There are several tests beyond sperm tests that can be carried out to assess a man’s fertility. These include: Hormone tests for men (usually FSH).
If the sperm tests come back with normal results, there are several further tests that can be carried out to assess a man’s fertility.
Some men, particularly those whose testes are no longer capable of producing sperm properly, may have abnormal hormone levels. The most important test for men who are producing very few or no sperm at all, is the blood test to measure the levels of follicle stimulating hormone (FSH). This is produced by the pituitary gland and stimulates the testes to produce sperm. If the testes are unable to produce sperm, then the brain sends a message to the pituitary to produce increasing amounts of FSH. So if the testes are unresponsive, FSH is produced in increasing amounts. Consequently, a very high level of FSH suggests that the testicle is no longer able to react to the brain’s message. It generally indicates that sperm manufacture in the testes (so-called spermatogenesis) is failing or has stopped completely.
On rare occasions, a man may be producing insufficient FSH. This is usually because the pituitary gland has been damaged in some way. On rare occasions, part of the brain which regulates the pituitary gland may be damaged. In many such cases, administration of pituitary hormones (gonadotropin treatment) may be helpful to get a man to produce normal sperm. However, deficiency of FSH is a rare cause of male infertility.
A testicular biopsy is a small piece of tissue taken from one or both of the testes. This is called a ‘minor surgical’ procedure as it can usually be done as a day-case in hospital under anaesthesia. Once collected, pieces of testes are prepared, usually by staining, and examined under a microscope. This evaluation can determine whether the testes are producing sperm in a normal way. It may also be used to see if there are any viable sperm which might be used for one of the more advanced IVF procedures.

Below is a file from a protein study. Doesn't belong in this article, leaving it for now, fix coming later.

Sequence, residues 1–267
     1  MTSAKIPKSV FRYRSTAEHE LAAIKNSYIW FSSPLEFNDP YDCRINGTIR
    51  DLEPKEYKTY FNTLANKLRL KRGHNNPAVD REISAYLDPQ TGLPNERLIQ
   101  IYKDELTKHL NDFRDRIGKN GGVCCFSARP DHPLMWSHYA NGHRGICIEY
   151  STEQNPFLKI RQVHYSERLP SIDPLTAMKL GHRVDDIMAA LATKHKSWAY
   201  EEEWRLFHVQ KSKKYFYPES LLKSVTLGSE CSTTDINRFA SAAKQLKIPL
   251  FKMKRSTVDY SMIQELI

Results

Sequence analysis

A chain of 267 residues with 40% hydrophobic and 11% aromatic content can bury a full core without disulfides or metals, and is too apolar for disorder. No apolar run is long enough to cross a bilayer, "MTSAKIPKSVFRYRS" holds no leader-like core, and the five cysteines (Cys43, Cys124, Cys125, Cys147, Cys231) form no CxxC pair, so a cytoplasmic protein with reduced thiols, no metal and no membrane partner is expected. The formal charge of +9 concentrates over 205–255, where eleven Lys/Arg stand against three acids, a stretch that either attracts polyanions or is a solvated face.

Whilst testicular biopsy can be quite painful, tenderness afterwards can be helped using tight-fitting underwear or a jock strap to support the scrotum and testicles for a few days afterwards. Stitches are generally removed about one week later. It is best to avoid sexual activity for some two weeks or so after a biopsy.
From time to time, a doctor may order an ultrasound examination of the testes, which is completely painless and can be done on an outpatient basis. Small cysts or very occasionally tumours in the testes may be identified. Sometimes the presence of such abnormalities indicates that the tubes from the testes are blocked.
Chromosome testing involves a blood test. Some men who are not producing enough normal sperm, or who are hardly producing any sperm at all, have a chromosomal abnormality affecting the Y chromosome (the male chromosome). Sometimes certain genes on the Y chromosome are missing or changed. Other chromosomal abnormalities include ‘translocations’ when parts of two individual chromosomes are stuck together. These abnormalities are commonly associated with infertility, usually because the sperm are incapable of fertilisation or because normal cell division of an embryo cannot take place. Translocations in either parent are also associated with miscarriage.
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